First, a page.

6th Circuit Rules LLC’s Not Customers under Financial Privacy Act

In an issue of first impression at the Circuit Court level, the Sixth Circuit issued its opinion in Hohman, et al. v. Eadie, et al. on July 5, 2018, affirming the decision of the District Court in the Eastern District of Michigan that limited liability companies (“LLCs”) are not “customers” as defined under the Right to Financial Privacy Act (“Act”) and are therefore not entitled to the waiver of sovereign immunity provided by the Act.

In Hohman, the IRS issued “John Doe” summonses to two separate banks for records related to three different accounts without first obtaining approval from the federal district court, as required by I.R.C. § 7609(f).  After receiving notice of the summonses from their banks, Plaintiffs initially sought to quash the subpoenas, but that petition was later withdrawn.  Limited discovery determined that the subpoenas sought records from Plaintiff Jodi Hohman’s individual bank account, Plaintiff JHohman, LLC’s bank account, and the bank account of Plaintiff You Got Busted By Me, LLC.  After withdrawing their petition to quash, Plaintiffs subsequently filed suit against the United States, the two IRS employees involved in the issuances of the John Doe summonses at issue, and unnamed John Does, alleging violation of the Right to Financial Privacy Act, violations of the Fourth and Fifth Amendments of the U.S. Constitution, and the Internal Revenue Code’s prohibition of the unauthorized disclosure of tax return information.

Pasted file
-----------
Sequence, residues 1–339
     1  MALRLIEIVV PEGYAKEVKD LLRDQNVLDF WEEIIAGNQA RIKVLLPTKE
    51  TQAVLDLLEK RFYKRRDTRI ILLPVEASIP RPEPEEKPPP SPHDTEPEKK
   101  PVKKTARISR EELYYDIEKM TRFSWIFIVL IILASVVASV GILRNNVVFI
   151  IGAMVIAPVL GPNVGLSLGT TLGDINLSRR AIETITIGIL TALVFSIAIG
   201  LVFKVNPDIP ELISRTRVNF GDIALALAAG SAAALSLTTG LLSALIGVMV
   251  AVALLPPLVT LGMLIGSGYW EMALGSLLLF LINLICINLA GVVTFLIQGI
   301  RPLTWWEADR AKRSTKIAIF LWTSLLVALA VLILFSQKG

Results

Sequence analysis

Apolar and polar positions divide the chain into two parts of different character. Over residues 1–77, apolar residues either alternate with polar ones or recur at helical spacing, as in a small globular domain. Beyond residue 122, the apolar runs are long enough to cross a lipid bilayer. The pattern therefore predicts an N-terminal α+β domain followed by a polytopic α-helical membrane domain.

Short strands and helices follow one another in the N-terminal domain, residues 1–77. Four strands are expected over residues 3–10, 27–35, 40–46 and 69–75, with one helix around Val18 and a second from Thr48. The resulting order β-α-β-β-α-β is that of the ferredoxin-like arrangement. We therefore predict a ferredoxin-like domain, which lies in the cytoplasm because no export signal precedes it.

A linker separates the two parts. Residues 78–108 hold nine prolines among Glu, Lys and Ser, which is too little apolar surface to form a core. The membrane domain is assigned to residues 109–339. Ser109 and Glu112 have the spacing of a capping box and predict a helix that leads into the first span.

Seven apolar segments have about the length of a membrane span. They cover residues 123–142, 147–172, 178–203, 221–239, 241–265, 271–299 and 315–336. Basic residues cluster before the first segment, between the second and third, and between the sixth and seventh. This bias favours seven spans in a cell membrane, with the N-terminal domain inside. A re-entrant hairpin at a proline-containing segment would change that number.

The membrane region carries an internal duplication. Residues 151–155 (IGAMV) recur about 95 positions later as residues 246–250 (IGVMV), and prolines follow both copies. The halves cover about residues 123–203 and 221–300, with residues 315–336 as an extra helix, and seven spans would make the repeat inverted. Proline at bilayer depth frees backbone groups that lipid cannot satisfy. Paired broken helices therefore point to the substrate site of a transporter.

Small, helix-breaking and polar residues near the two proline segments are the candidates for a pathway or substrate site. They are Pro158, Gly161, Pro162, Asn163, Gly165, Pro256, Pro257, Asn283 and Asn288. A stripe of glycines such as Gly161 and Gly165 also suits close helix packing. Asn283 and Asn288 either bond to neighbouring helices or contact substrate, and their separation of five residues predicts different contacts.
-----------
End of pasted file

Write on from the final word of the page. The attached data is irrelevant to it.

At issue on appeal was the district court’s determination that it lacked subject matter jurisdiction because sovereign immunity barred the Plaintiff’s claims under the Act.  Specifically, although the district court determined that the IRS had violated I.R.C. § 7609(f), it found that the private cause of action created under § 3417 of the Act waiving sovereign immunity did not apply to LLCs because LLCs were not “plainly within the plain meaning of the words ‘individual or partnership of less than five individuals’” as set forth in 12 U.S.C. § 3401(4).  For reasons outside the Sixth Circuit’s analysis, the district court had determined that Hohman, individually, had failed to state a claim.  What remained on appeal were the claims of the two LLCs.

In affirming the district court’s decision, the Sixth Circuit focused on the liability component of an LLC as opposed to the tax structure, specifically highlighting the fact that unlike an individual or partnership, an LLC does not have any member that remains liable for the company’s debts.  While individuals, sole proprietorships, partnerships, and limited partnerships have all been found to qualify as a “customer” for purposes of the Act, the Sixth Circuit agreed with the two district courts that have addressed this issue and found that, like corporations, LLCs were not intended to be included within the definition of “customer” under the Act (Flatt v. U.S. SEC, 2010 WL 1524328, at *3 (S.D. Fla. Apr. 14, 2010) and Exchange Point, LLC v. U.S. SEC, 100 F. Supp. 2d 172, 176 (S.D.N.Y. 1999)).

The Sixth Circuit’s complete opinion can be accessed here.